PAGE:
The Impact of Gender on Informal Workers' Organizing—the Case of India

Thursday, 14 July 2016: 11:00
Location: Hörsaal 31 (Main Building)
Oral Presentation
Rina AGARWALA, Sociology, Johns Hopkins University, MD, USA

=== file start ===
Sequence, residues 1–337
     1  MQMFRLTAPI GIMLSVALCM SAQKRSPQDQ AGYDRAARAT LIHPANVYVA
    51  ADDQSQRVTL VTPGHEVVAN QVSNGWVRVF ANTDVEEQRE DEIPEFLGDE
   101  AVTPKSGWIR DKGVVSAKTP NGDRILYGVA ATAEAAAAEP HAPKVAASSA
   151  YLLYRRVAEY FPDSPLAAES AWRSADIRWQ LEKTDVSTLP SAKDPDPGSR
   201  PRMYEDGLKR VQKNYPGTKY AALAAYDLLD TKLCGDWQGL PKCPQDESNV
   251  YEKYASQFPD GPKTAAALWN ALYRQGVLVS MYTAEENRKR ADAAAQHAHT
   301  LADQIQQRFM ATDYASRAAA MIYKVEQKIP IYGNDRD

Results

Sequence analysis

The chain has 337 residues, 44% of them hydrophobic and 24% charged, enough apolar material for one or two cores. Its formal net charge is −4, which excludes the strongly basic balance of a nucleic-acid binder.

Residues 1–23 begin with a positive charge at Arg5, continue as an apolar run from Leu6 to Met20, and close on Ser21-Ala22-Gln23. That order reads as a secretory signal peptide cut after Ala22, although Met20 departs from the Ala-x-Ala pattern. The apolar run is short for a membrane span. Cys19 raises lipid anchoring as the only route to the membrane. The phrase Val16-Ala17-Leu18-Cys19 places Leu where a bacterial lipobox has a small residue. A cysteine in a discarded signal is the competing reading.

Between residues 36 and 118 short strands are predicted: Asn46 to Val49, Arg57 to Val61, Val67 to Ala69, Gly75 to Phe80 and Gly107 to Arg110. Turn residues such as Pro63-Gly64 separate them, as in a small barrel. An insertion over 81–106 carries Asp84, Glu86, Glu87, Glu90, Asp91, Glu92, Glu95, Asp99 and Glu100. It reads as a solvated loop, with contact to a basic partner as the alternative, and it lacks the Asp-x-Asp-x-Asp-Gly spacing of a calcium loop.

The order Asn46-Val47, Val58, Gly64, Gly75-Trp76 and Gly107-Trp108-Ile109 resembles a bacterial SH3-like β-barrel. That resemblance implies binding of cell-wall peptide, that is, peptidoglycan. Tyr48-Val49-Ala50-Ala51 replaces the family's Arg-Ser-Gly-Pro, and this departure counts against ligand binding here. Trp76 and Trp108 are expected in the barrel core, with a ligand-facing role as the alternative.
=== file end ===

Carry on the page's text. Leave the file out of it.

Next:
Drawing from interviews on informal workers’ organizations in India, this paper examines the impact of gender on informal workers’ strategies, targets, repertoires and organization forms.  The paper will also examine the potential impact of gender on organization impact.  The paper is based on a comparative examination across two industries: domestic work and construction.  In India (as elsewhere), domestic work is predominantly comprised of women and attends to “reproductive” tasks performed in the often hidden spaces of the household.  As a result, domestic work is traditionally associated with “feminine” labor.  Construction in India (unlike in many places) is dominated by men across all skill levels, but includes women at the lowest skill level.  This is because the vast majority of construction labor in India is based on migrant family labor.  Therefore, construction in India provides a useful lens into the impact of women and men’s labor in the “productive” sphere, operating in the public spaces of streets and unfinished construction sites.  This unique gender characteristic of Indian construction labor provides a useful point of comparison both within India (relative to domestic work), but also across countries (where the construction sector is primarily male).  The paper will examine how the gender composition of the workers in each industry affect the membership, leadership, and demands of organizations within each industry.